Why didn’t ease of use seem to be affected? “We believe that people dependent on the bathroom always go with our kits with which we can compensate for the situation: paper, hydroalcoholic gel, wipes …”, says Corradi. Privacy, a domain that is important for IBD patients, is not something that can be replaced: “We would all love to have a latch, a door that covers you or something to compensate, but it is impossible.”
Despite the fact that this research responds to the needs of a specific population – dependent and prone people to go to the bathroom, whether with IBD, another pathology or none -, which suggests that it would be an applied research work, Corradi he acknowledges that he comes from the world of basic psychology and whenever he is asked about a possible transfer of knowledge from the paper to the street, “it makes me a little nervous because it is not part of my research tradition.”
But this novel scale, which touches him personally and almost the entire population with IBD, will find applications. “It may be – he indicates – the first step in developing a satisfaction survey with public toilets”, which could provide very precise information on what is wrong and what is right in a city’s public toilet network.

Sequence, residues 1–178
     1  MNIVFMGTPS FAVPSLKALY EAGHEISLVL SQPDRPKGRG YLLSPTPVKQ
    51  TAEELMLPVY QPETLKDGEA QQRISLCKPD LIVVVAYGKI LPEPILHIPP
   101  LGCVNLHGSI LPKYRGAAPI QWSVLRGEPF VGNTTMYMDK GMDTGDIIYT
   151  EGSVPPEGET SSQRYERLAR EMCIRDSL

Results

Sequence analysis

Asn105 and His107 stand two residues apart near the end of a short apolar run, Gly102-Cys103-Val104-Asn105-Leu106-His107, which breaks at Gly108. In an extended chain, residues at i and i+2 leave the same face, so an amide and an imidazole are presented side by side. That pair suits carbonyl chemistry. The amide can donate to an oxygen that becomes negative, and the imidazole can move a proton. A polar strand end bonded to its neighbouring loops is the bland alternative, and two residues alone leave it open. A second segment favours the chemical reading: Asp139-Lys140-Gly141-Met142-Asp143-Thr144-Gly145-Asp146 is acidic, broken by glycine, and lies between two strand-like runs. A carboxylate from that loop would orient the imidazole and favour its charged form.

“Urban kits do not meet minimum standards of dignity for us. In this sense, we are developing new studies to see the impact this has on daily life and on the quality of mental health of people dependent on toilets ”, the researcher advances.
It not only impacts people with intestinal diseases
On the other hand, the scale designed by Corradi found a gender effect: that women attach much more importance to the quality of public toilets than men. According to the psychologist, this is added to the extensive scientific literature that the built spaces, such as offices or public bathrooms, “are not adapted to the needs of women or, on the other hand, of people with some pathology.”
A recent investigation, conducted through a cross-sectional questionnaire to 6,004 women about their bathroom use habits, found that 26% of the participants avoid having to go to the public toilet and allege reasons for lack of cleanliness, availability of equipment and privacy. This has a direct impact on your health: those who avoid going to the toilet have more bladder problems, according to other research in urology.
Women attach much more importance to the quality of public toilets than men
This is precisely one of the central points to commemorate World Toilet Day by the UN. The toilets and the availability of hygienic bathrooms help women and adolescents to experience their menstruation with safety and dignity, especially in those areas where the period is experienced as something discriminatory.